…and they heard me murmur…
“I’m kind of missin’ my mom today!”
My mother was beautiful. Inside and out. Being the seventh of nine children she had three older sisters to look up to and compete with and three older brothers duck and hide and to fuss with. Her little sister Audrey and little brother Curt loved her irrationally as well as unconditionally! She was known at old St. Paul’s in Youngstown, OH as “Doris, one of those Hall kids.” It wasn’t always a compliment. I get to blame her outer beauty on her parents… mostly her mother as she looked just like her. Her inner beauty came from the love and nurture she received at Old St. Paul’s. Her biggest fault was having compassion for little children… you know the ones having a bad day. Well, not exactly.
My mother cheated at cards. And board games. My children caught her changing the rules one summer in the middle of a game when she announced… “When Grandma has a 2 of Clubs on a Tuesday… that’s a wild card.” Then she played the 2 of Clubs for the win. I once caught her jumping over the Gumdrop Mountains in CandyLand to beat my little sister. “Mom?” Instant denial. “What?” To this day I’m not certain that she did that to make sure kids knew how to lose in life with some grace or maybe the insecurity that comes from being the 7th of nine children whose mother was killed by a drunk driver or that her father ran away not long after that. She was very competitive (and I don’t even want to tell you about the time she hit me in the head with a shuttlecock playing a ‘fun’ game of badminton in the backyard accompanied with the comment… “What’s the matter? Too fast for you?”) Maybe a bit of both as she put an end to the old saying, “cheaters never win.” She did, yet, despite her cheating behaviors, she never felt cheated in life. Just weeks before she died she said to me… “you know that song, ‘Amazing Love’? I love the line… ‘I’m alive and well, Your Spirit is within me… because YOU died and rose again.’ I AM alive and well!” Then she smiled… this she said while taking on pancreatic cancer. Alive and well. Every day matters. My mom taught me that.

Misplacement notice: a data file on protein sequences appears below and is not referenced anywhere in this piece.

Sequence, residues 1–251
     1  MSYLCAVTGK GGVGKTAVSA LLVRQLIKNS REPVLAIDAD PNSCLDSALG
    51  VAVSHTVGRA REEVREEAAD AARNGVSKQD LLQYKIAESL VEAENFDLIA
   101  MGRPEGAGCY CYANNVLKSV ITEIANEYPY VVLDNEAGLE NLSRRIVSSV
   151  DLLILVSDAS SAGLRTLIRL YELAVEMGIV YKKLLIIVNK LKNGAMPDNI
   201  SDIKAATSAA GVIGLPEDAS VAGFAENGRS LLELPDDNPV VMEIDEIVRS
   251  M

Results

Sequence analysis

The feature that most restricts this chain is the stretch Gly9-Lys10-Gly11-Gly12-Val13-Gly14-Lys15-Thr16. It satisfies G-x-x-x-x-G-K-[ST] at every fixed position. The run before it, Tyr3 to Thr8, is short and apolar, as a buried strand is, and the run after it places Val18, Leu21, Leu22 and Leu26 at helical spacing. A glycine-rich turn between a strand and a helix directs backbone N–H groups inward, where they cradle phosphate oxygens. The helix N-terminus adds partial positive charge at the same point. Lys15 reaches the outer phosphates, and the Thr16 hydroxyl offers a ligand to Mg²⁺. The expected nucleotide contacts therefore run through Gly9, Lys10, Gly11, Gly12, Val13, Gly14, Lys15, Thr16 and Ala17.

My mother loved my father with a vengeance. I use the last term loosely. They were inseparable. No other man could compare. Maybe because they both grew up in broken, pain-filled homes. Maybe because they quietly made a pact that suggested… “We can do this way better together than with the rules of life we were given.” Their incompleteness was completely obvious to all and their partnership provided a wall of security for their children and their friends. Firm. Seamless. Rooted. It was shaken only by my father’s death. I literally had to pry my mother’s fingers from the casket as we prepared to leave the cemetery chapel that snowy March Friday. “How could someone love someone else that much?” I’ve wondered over the years and lately I’ve wondered would my father have done the same had my mother died first. His fingers would have been harder to pry away. That was 1987. She died ten years ago this past February and for 21 years never looked at another man. Except maybe Frank Gifford. But, my father knew that.